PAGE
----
Fresh polls in Perak may be only way out

By Baradan Kuppusamy (The Malaysian Insider)

Pakatan Rakyat is left hamstrung and with few or no options after the Election Commission ruled that it will not hold by-elections for the Behrang and Changkat Jering state seats in Perak.

PR can challenge the decision in court or dissolve the state assembly and go for fresh elections 11 months after the first on March 8 last year and let the people vote to resolve the issue.

But going to court is an unattractive proposition and dissolving the assembly, although attractive, is out of its hands.

After losing heavily on March 8, 2008 and after suffering defeats in two recent by-elections and with a party election and power transition around the corner, Umno/BN appears all set against any elections for now.

The Umno/BN reluctance for elections is also compounded by the fact that the public mood is still against it and for various reasons, as results of recent opinion surveys show.

Therefore it was a boon when the Election Commission, very rightly, held that by-elections would not be held because the use of undated resignation letters has been previously ruled invalid by the Supreme Court.

The problem with such letters is that they are undated at the time of signing and later on somebody else inserts the dates, usually on the instruction of the top party leader, and dispatches them to the speaker, an action that makes a mockery of the democratic process.

It also borders on the criminal as had been argued in court previously.

Notwithstanding what the politicians are saying, legal opinion is overwhelmingly towards regarding such letters as invalid so even if PR does go to court, the political crisis would not be resolved.

With the two PR excos — Jamaluddin Mohd Radzi and Mohd Osman Jailu — all but flown the coop — politically and legally — it seems pointless to go to court to argue that pre-signed resignation letters are valid, unless it is to buy time.

Even DAP national chairman and lawyer Karpal Singh was quoted yesterday as saying it would be counter-productive to go to court to challenge the EC's decision since there was already a precedent.

"The EC has gone through the legality of the authority and based on this, it is right," he had said.

Besides a court suit is time consuming even if it is an application for a order of mandamus to compel the Election Commission to hold the by-elections.

The orders can be appealed all the way to the Federal Court.

If a trial takes place it would also embarrassingly lift the veil on the "who, what, why, when and how" of the pre-signed, undated resignation letters.

Not only on those done by PKR but also by the DAP which is said to include a clause requiring signatories to pay RM1 million in damages if they switch camps.

"It would also expose the potentially damaging question of who inserted the dates on the undated letters and how these letters were transmitted to the Speaker V. Sivakumar who has variously said it was faxed or delivered to him," said a lawyer who declined to be named.

Going to court could open a can of worms.

The only options left for the PR coalition is to dissolve the state assembly and call for fresh elections, in which case it stands to win and with a bigger majority to end the political crisis once and for all.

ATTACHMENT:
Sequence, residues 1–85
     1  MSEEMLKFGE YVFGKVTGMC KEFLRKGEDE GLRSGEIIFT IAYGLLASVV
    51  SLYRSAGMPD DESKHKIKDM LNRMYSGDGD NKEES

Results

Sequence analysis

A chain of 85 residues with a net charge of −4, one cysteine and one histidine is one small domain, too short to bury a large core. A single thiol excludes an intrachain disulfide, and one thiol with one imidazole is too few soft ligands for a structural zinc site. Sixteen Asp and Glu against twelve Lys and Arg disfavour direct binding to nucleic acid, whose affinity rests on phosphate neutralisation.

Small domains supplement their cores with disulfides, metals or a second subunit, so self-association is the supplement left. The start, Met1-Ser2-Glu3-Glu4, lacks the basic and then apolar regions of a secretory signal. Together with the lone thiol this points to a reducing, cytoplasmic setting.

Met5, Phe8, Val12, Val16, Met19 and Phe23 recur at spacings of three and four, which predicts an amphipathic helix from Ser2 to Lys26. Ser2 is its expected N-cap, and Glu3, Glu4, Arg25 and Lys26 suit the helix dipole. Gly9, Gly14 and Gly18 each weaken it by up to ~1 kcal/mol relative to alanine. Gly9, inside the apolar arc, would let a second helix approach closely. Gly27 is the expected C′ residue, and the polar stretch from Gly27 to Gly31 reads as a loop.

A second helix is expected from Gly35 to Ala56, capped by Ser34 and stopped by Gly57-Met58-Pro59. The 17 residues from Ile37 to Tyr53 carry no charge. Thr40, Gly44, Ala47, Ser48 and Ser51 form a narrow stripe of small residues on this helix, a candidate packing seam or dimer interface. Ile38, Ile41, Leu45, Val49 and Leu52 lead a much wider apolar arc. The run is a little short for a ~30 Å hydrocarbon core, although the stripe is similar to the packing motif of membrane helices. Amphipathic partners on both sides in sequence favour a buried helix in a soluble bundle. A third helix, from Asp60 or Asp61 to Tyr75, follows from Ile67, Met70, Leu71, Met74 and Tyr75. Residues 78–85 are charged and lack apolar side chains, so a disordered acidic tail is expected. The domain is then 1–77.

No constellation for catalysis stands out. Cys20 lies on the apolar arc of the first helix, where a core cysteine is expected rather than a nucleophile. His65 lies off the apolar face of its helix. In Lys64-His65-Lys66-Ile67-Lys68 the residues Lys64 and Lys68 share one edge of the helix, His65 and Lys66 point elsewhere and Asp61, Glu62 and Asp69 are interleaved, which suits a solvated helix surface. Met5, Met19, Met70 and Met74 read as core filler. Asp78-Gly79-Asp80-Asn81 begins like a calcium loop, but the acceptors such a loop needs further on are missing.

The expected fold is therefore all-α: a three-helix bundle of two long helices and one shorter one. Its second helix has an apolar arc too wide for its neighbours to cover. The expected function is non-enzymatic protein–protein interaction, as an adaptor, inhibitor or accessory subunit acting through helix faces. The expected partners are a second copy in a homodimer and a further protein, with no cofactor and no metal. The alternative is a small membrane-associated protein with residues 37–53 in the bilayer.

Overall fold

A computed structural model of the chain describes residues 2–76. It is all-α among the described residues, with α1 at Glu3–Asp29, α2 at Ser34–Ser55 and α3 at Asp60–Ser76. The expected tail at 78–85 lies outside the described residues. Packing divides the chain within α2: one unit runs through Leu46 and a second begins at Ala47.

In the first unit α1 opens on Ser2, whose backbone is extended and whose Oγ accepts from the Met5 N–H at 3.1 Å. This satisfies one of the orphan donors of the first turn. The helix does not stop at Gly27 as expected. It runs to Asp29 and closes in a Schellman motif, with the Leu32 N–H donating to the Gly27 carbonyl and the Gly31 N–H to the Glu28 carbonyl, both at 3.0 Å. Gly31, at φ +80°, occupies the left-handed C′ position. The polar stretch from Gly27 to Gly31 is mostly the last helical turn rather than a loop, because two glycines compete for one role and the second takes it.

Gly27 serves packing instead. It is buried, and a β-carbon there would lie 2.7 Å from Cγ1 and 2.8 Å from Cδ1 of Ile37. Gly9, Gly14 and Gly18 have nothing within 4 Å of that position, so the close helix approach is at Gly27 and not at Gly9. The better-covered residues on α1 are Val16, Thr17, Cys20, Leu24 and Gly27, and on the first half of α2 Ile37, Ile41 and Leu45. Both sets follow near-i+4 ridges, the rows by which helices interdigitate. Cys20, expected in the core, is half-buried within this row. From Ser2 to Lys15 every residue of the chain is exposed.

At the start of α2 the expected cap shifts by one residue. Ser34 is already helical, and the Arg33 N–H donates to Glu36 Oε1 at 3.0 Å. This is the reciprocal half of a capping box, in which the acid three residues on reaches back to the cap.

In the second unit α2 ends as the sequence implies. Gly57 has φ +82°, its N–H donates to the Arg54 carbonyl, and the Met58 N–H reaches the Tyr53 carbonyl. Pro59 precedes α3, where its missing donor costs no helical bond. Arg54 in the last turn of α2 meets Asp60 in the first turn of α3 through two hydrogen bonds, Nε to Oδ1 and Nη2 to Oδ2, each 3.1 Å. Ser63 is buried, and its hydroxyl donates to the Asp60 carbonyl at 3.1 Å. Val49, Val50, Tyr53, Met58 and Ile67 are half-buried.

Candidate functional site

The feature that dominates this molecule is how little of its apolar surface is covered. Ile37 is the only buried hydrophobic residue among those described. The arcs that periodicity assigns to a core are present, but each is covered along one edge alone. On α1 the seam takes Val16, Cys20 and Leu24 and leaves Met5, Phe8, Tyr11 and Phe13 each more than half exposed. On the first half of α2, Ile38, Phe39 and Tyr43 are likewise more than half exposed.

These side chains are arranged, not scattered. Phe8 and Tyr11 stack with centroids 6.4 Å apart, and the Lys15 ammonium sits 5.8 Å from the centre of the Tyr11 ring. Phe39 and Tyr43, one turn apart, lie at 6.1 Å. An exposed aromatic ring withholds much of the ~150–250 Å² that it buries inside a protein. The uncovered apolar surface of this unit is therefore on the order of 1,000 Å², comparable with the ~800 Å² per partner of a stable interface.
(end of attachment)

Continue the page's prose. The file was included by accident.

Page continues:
"We don't have any other option," Perak exco member and senior lawyer A. Sivanesan told The Malaysian Insider.

"We must return to the people and get a new mandate to resolve the crisis and we are confident based on our performance in the last 10 months that the voters will return us with a bigger majority," he said.

"I don't see how else this crisis can be resolved in a fair and democratic manner," he said, adding the people of Perak are upset and angry with the PKR duo who jumped ship, and are ready to punish any and all defectors.

The situation is however critical for PR because the defection of the two PKR men could only be the tip of the iceberg.

As had happened in Sabah in the 1990s, defection starts as a trickle before bursting into a flood.

At the moment Umno is hugely preoccupied and has little energy to handle defections let alone by-elections or a fresh state election, giving PR a precious few months to breathe and get its act together.

The key question for PR is: can it succeed in getting the state assembly dissolved for fresh elections, defeat its political enemies and return to power?

Sadly it is a question PR on its own cannot decide.

For this it needs the consent of the palace.

Indications are the palace is not keen to put the people through another expensive and potentially divisive round of elections just 10 months after the March 8 general election.

Again, going by precedent the palace would prefer all political parties sitting in the assembly to negotiate and achieve a political settlement instead of another round of bruising elections especially with the economy heading downhill and jobs getting scarce.

If palace reluctance for dissolution of the state assembly pans out, PR will have to carry on on a razor-thin, one-seat majority like Pas had in Kelantan between 2004 and 2008.

But PR had better pray its remaining 30 state assemblymen remain loyal for the long term.

The key to winning political loyalty is to pick people of integrity and high ethical values as candidates and not undated pre-signed resignation letters.